Begging Pied-billed Grebe by MJSpringett

What an adorable photo that MJSpringett Wildlife Photography captured. Just had to share it, with permission.

Begging Pied-billed Grebe by MJSpringett Wildlife Photography

Begging Pied-billed Grebe by MJSpringett

Look at the birds of the air: they neither sow nor reap nor gather into barns, and yet your heavenly Father feeds them. Are you not of more value than they? (Matthew 6:26 ESV)

I alway enjoy seeing the Grebes swimming around and diving. Waiting for them to come up is always an adventure. You never know where to look. You watch an area and next thing you know, up they pop nowhere near where they dove.

As for a young one, like the photo, that is an site that has evaded us. It is “cute.”

The Pied-billed Grebe (Podilymbus podiceps) is a species of the grebe family of water birds. That is the Podicipedidae – Grebes FamilyThe Pied-billed Grebe is primarily found in ponds throughout the Americas. Other names of this grebe include American dabchick, dabchick, Carolina grebe, devil-diver, dive-dapper, dipper, pied-billed dabchick, thick-billed grebe, and other names.

Pied-billed Grebes are small, stocky, and short-necked. They are 12–15 in (31–38 centimeters) in length, with a wingspan of 18–24 in (45–62 cm) and weigh 8.9–20.0 oz (253–568 grams). They are mainly brown, with a darker crown and back. Their brown color serves as camouflage in the marshes they live in. They do not have white under their wings when flying, like other grebes. Their undertail is white and they have a short, blunt chicken-like bill that is a light grey color, which in summer is encircled by a broad black band (hence the name). In the summer, its throat is black. Juveniles have black and white stripes and look more like winter adults. This grebe does not have webbed feet. Its toes have lobes that come out of the side of each toe. These lobes allow for easy paddling. When flying, the feet appear behind the body due to the feet’s placement in the far back of the body.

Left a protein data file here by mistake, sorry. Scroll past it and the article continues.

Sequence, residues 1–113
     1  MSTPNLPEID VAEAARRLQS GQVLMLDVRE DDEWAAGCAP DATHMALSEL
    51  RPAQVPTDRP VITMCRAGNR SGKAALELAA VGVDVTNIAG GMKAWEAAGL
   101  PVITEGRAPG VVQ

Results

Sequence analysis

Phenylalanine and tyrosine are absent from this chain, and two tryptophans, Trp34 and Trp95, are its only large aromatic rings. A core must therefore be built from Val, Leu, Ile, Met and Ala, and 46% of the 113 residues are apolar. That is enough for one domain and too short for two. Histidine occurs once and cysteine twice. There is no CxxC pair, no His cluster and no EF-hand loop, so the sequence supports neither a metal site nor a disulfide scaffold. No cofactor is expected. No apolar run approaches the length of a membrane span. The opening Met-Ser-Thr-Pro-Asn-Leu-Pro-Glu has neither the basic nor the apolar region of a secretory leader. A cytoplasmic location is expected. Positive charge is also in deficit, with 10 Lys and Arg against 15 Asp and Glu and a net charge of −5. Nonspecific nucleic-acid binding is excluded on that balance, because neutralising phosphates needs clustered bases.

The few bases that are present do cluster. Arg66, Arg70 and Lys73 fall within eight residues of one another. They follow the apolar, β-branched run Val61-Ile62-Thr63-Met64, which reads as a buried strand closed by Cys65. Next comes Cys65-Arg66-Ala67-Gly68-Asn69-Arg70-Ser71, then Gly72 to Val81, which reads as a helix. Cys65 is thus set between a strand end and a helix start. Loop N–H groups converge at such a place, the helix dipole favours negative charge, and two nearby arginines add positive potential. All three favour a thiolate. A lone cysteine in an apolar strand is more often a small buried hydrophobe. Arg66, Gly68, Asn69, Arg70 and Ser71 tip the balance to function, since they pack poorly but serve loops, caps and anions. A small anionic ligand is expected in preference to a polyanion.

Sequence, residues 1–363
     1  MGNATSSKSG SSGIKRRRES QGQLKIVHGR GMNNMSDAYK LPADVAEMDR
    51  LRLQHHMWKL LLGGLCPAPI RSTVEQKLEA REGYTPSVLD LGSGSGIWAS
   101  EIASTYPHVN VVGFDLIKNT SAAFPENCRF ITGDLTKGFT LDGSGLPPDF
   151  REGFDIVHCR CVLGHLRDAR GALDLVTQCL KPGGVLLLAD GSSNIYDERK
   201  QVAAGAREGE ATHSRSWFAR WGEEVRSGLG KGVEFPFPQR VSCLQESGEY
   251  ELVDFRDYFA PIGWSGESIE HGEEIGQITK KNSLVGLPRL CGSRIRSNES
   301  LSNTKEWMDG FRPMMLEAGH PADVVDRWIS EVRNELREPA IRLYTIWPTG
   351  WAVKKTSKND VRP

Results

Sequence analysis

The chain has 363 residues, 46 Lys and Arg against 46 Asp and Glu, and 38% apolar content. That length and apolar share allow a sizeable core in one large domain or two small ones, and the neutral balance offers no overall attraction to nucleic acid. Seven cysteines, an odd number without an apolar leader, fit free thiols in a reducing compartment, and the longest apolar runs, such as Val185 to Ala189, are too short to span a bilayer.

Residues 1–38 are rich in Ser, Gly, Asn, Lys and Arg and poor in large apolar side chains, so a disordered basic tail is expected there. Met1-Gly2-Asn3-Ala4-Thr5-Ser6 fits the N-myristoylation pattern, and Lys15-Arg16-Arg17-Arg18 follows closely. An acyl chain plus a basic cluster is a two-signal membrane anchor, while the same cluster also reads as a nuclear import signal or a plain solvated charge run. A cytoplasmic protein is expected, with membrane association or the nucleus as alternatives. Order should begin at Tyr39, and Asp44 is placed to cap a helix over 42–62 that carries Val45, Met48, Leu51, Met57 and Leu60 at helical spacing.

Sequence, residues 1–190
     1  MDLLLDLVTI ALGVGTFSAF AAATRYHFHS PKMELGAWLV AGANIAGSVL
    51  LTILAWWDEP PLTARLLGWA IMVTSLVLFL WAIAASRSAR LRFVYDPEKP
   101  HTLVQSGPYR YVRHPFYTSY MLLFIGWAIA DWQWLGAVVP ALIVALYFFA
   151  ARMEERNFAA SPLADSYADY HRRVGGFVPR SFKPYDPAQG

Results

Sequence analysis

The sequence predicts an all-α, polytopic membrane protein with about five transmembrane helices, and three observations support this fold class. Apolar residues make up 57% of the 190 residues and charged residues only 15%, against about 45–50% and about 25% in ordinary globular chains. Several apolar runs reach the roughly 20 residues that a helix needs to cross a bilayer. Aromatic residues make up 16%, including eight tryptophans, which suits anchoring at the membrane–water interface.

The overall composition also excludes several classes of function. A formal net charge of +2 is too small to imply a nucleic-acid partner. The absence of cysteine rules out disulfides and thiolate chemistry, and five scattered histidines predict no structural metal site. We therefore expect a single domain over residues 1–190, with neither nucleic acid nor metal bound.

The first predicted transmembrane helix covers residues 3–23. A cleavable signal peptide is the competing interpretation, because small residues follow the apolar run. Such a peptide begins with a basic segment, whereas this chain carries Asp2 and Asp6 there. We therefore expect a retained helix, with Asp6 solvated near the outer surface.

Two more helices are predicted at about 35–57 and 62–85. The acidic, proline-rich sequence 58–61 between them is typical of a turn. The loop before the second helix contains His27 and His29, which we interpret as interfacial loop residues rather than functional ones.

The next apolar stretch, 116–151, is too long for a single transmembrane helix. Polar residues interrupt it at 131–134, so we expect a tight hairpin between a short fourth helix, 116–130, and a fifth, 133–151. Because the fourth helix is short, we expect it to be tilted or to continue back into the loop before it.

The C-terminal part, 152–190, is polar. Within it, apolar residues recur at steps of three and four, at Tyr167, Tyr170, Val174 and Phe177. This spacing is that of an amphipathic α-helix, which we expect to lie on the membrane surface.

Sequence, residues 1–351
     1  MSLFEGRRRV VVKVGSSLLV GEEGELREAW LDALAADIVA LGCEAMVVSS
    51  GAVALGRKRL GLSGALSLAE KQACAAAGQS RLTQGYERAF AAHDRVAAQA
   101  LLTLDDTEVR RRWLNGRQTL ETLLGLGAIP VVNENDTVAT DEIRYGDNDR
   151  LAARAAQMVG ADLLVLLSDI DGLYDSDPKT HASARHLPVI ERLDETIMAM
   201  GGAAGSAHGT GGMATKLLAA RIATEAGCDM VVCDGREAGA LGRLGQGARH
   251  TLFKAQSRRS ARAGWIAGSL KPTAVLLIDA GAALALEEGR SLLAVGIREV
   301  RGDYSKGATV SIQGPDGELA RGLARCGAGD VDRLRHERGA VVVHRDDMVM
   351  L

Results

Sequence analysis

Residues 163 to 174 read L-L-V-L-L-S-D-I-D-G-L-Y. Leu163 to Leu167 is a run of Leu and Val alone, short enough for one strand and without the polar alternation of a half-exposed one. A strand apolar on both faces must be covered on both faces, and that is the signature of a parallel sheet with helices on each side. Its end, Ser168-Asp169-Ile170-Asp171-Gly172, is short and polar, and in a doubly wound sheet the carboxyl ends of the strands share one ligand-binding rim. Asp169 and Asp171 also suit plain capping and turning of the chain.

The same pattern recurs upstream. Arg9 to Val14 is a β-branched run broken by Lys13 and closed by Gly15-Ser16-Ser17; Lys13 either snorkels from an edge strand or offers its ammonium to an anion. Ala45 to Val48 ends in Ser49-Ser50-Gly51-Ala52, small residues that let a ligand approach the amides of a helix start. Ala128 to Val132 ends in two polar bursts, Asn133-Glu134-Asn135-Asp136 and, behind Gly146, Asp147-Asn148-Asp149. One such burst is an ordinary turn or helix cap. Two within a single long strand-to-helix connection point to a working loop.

Its call is unique, loud and sounds like a “whooping kuk-kuk-cow-cow-cow-cowp-cowp.” Its call is similar to the Yellow-billed Cuckoo.

Pied-billed Grebes rarely fly. They make a slow dive frequently, especially when in danger, diving to about 20 feet or less. They dive for about 30 seconds and may move to a more secluded area of the water, allowing only the head to be visible to watch the danger dissipate.

Pied-billed Grebes feed mainly on aquatic invertebrates, and also on small fish and amphibians (frogs, tadpoles). They dive to obtain food. Their bills allow them to crush crustaceans, like crawfish. They may also eat plants. They have been shown to eat their own feathers, like other grebes, to aid in digestion (prevent injury from small bones). They will also feed their feathers to their young. (Wikipedia with editing)

I have been young, and now am old, yet I have not seen the righteous forsaken or his children begging for bread. (Psalms 37:25 ESV)

This photo, even though the young one is not really begging, and the parent is only doing what it is supposed to do, reminds me of that promise.



4 thoughts on “Begging Pied-billed Grebe by MJSpringett

  1. Pingback: Baby little grebes, video | Dear Kitty. Some blog

  2. Pingback: Great crested grebe swimming, video | Dear Kitty. Some blog

  3. Pingback: Eared grebe released after rehabilitation, video | Dear Kitty. Some blog

  4. Pingback: Podiceps grisegena Wildlife Blog

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